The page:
DEFINITION: An acute inflammation of the mucous lining 
or the submucous coat of the esophagus. 

CASES: (1) A case in which the inflammation of stomatitis 
extended downward into the esophagus. There was contracture 
of the supra-hyoid muscles, drawing the bone back against the 
pneumogastric nerve. 

(2) A case in which irritation the length of the esophagus, 
and a distressed feeling of the stomach, were due to a posterior 
condition of the upper 4 or 5 dorsal vertebrae. Correction of this 
lesion removed the irritation and relieved the stomach. 

often the same as those for stomatitis and pharyngitis, as this 
condition is often due to extension of inflammation downward 
from above. Thus lesion to the hyoid bone, to the muscles of 
the throat, to the clavicle and upper ribs are all likely to occur. 
Lesion to the clavicle and 1st rib may interfere with the circula- 
tion to the esophagus via the subclavian and thyroid axis. The 
various cervical lesions already discussed as capable of deranging 
the activities of the pneumogastric and sympathetic, both of 


which unite in forming the esophageal plexus, may react upon the 

The esophageal plexus is in connection with the pulmonary 
plexus and thoracic sympathetic. Thus is seen the close con- 
nection between upper spinal lesion, common in derangement 
of the esophagus, and its sympathetic innervation, having charge 
of its circulation. Spinal lesion in this way affects the circula- 
tion from the aorta to the esophagus. 

The cause is frequently traumatic, and no special lesion is 

The PROGNOSIS is good. Cases usually recover in a few 
days; often spontaneously. Generally one or two treatments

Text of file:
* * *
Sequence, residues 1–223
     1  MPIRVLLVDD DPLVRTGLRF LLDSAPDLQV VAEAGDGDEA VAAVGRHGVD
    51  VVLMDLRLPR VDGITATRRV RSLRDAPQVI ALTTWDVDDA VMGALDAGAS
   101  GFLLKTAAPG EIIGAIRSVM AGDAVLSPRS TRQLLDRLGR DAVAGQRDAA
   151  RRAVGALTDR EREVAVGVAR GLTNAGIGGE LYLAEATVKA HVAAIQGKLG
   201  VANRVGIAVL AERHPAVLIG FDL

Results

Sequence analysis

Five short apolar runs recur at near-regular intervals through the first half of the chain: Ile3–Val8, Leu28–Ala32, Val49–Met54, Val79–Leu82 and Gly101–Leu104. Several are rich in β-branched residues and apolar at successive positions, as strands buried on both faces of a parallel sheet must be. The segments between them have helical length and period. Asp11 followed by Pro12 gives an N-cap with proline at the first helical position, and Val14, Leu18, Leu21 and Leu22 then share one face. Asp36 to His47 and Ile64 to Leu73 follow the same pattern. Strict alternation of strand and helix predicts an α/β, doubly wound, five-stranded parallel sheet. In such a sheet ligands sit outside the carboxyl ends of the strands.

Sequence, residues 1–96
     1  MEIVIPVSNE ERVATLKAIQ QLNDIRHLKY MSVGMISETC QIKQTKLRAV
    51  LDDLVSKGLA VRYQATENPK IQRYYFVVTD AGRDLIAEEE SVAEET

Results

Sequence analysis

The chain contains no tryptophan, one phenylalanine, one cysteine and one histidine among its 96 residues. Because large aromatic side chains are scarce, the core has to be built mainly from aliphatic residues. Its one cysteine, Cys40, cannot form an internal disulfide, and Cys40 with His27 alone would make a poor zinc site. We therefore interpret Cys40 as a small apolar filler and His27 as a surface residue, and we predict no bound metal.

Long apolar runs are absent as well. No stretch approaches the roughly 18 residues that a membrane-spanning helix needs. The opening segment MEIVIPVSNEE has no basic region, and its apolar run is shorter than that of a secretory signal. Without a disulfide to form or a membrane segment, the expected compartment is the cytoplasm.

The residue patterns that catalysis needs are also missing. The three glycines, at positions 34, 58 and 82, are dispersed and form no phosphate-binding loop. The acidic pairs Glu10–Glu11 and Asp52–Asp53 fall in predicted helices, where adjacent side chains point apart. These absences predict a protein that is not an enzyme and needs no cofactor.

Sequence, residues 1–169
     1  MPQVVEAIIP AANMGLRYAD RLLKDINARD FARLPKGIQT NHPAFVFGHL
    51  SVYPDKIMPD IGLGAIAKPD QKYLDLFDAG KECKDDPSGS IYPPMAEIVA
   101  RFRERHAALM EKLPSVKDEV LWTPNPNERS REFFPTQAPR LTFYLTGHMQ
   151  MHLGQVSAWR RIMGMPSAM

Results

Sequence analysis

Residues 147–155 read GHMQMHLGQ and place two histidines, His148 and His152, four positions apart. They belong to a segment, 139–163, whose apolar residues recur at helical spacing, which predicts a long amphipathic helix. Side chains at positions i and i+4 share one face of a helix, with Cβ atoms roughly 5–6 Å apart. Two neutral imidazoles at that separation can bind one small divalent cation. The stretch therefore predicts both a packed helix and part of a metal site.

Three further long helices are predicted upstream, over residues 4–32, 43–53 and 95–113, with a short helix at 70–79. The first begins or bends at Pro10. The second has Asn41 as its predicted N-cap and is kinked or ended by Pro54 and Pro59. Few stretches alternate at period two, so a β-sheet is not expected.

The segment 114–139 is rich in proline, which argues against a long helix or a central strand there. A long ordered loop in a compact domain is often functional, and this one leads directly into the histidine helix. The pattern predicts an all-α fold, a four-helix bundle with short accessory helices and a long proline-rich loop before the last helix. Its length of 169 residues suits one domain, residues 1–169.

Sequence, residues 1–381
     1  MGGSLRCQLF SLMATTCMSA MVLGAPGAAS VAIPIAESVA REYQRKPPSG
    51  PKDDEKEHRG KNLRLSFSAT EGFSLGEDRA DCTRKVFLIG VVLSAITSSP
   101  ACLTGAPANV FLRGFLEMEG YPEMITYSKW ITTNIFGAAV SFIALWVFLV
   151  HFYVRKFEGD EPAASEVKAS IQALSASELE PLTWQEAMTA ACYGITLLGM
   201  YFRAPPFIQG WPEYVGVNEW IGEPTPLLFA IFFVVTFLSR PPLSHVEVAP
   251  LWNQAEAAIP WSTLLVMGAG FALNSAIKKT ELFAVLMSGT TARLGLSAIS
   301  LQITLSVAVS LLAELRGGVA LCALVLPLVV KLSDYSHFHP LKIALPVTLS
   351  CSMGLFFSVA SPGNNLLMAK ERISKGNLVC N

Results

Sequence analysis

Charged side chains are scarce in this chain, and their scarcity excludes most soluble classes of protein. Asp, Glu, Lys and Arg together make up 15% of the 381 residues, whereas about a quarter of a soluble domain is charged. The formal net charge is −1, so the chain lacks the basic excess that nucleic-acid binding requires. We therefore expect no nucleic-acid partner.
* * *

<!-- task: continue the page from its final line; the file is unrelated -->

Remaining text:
are all that are required. In the suppurative form, perforation, 
gangrene, or late stricture is apt to end in death. 

The TREATMENT is simple. Any cause of irritation, me- 
chanical, thermal, or chemical must be removed. The circu- 
lation is corrected and the inflammation reduced by correction 
of lesion, treatment of the upper dorsal region, elevating the upper 
ribs and clavicle, and freeing the circulation through the neck 
and about the throat.' 

If due to catarrh, infectious fevers, etc., treatment must 
be made accordingly. 

A bland diet, especially of milk, is recommended. In seri- 
ous cases rectal alimentation may be necessary. Small pieces 
of ice may be swollowed. Warm demulcent drinks are good. 

In chronic cases the treatment must be more persistent. 
Any source of continued irritation must be removed. This form 
is often due to passive congestion from chronic heart or kidney 
diseases, and attention must be then given to the primary con- 


CASES: (1) A man, aged fifty, suffered from a constriction 
of the esophagus, which occurred while eating. The physician 
allayed the intense pain by injection of morphine, but was un- 
able to overcome the obstruction. The case became serious. 
An Osteopath was called and after several hours effort relieved